Other things we've learned about the expressive Virgin Group founder that enhance his warm persona? He won't back out on a lost bet, he had a serious learning disorder as a child, he loves his 93-year-old mother Eve Branson and he cried buckets when he sold Virgin Records for $1 billion in 1992. He had a similar reaction when he heard that Alaska Airlines will retire Virgin America (the airline he'd founded) by 2019. He's emotional, he's a sharer and we love it.
Do you live an exceptional life that generates intrigue?
You don't have to lead the life of James Bond to be interesting. However, it does not hurt. The best way to kick off your exceptional life is to seek out people who already do fascinating things. Let them influence and inspire you. According to a study that followed 1,000 people over the course of eight decades, the people you associate with are the strongest influence on who you grow into.
Tesla and SpaceX CEO Elon Musk definitely qualifies as a person who leads a riveting life. His ability to live large and attract people's interest likely started with his most formative relationships: His family.
Musk hails from a deeply fascinating tribe. His maternal grandparents were swashbuckling flying adventurists in their own time, searching for the Lost City of the Kalahari, a mythical civilization reputedly located in the deserts of southern Africa. His mother, Maye Musk, accustomed to accompanying her parents on their piloting adventures, became a nutritionist, entrepreneur and model. Musk's siblings are adventurers in their own right: His sister is a producer in the film industry, and his brother is an entrepreneur and pioneer in the sustainable food industry.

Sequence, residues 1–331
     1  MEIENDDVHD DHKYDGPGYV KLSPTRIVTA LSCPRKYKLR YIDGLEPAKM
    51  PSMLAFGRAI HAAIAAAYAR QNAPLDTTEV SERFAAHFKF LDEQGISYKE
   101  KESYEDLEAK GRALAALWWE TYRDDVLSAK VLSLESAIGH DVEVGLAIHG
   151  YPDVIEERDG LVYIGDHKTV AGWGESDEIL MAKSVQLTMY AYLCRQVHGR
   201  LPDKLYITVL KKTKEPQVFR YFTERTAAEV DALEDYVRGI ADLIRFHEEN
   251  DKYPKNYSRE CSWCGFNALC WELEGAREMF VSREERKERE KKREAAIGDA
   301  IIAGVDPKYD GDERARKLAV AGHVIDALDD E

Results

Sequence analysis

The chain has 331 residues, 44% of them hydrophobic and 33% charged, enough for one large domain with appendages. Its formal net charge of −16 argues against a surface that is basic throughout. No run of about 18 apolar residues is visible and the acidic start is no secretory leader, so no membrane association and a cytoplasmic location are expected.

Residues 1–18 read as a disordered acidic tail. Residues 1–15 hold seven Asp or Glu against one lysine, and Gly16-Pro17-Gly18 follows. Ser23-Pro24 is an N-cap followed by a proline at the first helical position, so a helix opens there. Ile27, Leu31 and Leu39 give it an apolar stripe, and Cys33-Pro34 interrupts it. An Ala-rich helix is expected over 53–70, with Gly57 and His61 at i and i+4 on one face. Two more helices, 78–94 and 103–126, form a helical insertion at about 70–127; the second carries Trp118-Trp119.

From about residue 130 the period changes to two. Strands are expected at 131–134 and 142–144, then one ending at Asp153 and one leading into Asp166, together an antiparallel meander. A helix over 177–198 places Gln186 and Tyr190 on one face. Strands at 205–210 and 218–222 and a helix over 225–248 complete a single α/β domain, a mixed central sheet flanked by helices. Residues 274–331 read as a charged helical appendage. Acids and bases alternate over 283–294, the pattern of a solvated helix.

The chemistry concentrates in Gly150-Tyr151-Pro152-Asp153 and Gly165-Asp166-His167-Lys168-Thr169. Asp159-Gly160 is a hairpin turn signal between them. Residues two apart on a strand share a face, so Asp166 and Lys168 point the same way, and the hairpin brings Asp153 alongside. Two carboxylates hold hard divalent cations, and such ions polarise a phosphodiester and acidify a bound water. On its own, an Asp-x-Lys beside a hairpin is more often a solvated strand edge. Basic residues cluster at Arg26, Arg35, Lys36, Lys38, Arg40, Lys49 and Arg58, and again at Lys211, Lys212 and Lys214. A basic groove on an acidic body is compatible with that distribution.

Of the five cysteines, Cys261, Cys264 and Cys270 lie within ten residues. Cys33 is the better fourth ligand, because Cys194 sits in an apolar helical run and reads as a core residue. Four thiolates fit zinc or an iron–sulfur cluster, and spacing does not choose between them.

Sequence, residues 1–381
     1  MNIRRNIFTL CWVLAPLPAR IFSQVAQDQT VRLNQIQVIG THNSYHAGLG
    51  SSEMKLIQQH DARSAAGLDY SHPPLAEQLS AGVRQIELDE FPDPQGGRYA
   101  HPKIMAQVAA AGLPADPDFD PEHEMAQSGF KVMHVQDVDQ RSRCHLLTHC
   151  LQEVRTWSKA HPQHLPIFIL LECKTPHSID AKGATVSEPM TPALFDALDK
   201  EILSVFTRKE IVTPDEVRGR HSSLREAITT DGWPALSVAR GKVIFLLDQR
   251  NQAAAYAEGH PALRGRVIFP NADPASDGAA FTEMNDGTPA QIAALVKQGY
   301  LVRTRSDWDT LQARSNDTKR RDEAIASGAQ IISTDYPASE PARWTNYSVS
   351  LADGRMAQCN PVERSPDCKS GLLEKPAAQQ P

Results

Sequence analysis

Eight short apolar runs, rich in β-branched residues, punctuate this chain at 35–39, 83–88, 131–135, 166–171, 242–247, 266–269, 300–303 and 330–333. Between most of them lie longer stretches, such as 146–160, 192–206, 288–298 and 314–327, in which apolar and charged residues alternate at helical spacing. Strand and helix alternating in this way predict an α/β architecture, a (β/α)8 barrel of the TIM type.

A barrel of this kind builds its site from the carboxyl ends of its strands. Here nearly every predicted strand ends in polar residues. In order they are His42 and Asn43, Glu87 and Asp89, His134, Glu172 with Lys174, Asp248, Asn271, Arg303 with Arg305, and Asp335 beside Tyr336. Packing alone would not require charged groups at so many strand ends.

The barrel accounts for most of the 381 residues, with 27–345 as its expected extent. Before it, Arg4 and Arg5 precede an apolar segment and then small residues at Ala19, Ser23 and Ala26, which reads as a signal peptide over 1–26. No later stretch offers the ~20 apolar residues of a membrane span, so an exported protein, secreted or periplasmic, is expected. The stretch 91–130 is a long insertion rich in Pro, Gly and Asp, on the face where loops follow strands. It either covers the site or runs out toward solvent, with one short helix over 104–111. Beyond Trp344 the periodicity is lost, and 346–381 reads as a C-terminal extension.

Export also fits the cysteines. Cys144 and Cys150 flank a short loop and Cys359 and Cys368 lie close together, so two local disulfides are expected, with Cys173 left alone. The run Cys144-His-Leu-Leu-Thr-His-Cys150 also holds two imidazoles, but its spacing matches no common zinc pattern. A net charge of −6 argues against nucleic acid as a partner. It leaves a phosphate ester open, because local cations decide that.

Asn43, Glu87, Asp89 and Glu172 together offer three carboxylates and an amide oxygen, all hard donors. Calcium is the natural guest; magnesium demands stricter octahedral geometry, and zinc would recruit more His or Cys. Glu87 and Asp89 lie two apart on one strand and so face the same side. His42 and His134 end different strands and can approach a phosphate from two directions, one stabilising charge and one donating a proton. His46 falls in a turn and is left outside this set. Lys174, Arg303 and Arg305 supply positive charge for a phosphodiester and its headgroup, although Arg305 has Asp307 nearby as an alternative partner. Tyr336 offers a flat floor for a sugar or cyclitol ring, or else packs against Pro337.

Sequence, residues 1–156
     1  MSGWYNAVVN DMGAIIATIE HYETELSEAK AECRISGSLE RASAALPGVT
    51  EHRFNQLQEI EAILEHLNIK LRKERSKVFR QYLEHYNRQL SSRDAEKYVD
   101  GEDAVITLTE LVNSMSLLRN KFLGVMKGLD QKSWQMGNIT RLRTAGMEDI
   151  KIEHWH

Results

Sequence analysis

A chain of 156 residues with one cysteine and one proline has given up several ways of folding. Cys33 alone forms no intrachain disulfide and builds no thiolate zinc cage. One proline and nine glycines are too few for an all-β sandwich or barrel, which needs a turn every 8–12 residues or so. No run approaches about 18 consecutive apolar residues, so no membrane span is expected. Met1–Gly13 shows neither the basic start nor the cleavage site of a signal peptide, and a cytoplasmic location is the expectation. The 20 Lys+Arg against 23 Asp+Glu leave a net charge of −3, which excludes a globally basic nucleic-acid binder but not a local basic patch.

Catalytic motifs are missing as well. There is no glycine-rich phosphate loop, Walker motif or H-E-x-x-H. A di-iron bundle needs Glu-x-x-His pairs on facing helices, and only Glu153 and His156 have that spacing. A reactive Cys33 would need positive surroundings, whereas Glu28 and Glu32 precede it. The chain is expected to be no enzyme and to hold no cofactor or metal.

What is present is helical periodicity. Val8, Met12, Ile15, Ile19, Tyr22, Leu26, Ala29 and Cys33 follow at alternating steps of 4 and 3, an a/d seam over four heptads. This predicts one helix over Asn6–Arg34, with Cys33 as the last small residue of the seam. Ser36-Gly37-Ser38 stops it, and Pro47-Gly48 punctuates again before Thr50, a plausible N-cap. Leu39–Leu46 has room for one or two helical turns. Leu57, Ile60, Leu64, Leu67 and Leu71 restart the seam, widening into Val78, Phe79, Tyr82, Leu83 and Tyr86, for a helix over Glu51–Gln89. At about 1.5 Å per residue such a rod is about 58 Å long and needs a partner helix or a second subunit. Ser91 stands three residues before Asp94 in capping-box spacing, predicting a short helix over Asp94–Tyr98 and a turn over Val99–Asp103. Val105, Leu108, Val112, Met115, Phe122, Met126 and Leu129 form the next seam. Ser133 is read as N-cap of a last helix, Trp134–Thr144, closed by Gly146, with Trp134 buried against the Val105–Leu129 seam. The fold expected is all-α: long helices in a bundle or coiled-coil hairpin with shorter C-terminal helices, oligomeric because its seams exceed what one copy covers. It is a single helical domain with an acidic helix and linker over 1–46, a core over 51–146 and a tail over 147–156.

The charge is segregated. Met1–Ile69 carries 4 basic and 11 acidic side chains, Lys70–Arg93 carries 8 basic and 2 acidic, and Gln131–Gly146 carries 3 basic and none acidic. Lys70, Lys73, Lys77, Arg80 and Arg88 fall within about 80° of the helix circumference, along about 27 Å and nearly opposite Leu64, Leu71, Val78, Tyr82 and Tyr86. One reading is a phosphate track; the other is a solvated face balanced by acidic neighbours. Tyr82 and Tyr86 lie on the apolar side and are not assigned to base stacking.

The engineer-turned-rocket-man is an epic dreamer who is able to make large-scale visions of the future come to life. He is the real-life inspiration for the Tony Stark character in the film series "Iron Man." His love life also conjures intrigue: He married the same woman twice and divorced her twice -- and then dated Johnny Depp's ex-wife. Clearly, he doesn't live a life of moderation.
Do you love sharing knowledge?
"Interesting people love sharing what they know and have learned with others," wrote Travis Bradberry, co-author of Emotional Intelligence 2.0. And people strongly respond to that quality. The very success of TED Talks is built on people's never-ending hunger for knowledge from interesting and diverse sources.
In the business world, Sheryl Sandberg is known for her uncanny knack for learning powerful life lessons through personal experiences and then sharing the wisdom. The Facebook COO shares her knowledge in speeches, Facebook posts and books.
One of her best qualities is how she ties her knowledge back to a very personal and vulnerable place, such as her own insecurities as a woman in a leadership position in Lean In: Women, Work and the Will to Lead.
She also did this beautifully in her moving commencement speech about her late husband at the University of California, Berkeley in 2016. Her speech was so popular, that she followed it up with more knowledge: A book Option B: Facing Adversity about losing her husband and how resilience got her through the worst of times. Sandberg's knowledge sharing has not only made her a media darling, but it's made her a true beacon of wisdom for those who are struggling.
How did you do on the quiz? If you scored…
5: Congrats, Super Interesting Person. You command people's interests quite naturally and are a pro at reeling off anecdotes, drawing people out, listening, connecting and leading. So if you're not doing so already, it's time to help others get better at what you do naturally.
3-4: You're strong on the majority of interesting qualities -- so double down on those and work on where you have room for growth. Whether it’s in active listening, storytelling or expressiveness, buy some books or hire that executive coach and keep on learning.
1-2: You’ve got room to grow in the interesting department. No big deal. All skills can be improved with consistent practice and application. So choose a skill that interests you, whether it is storytelling or sharing knowledge, and keep practicing for the next year.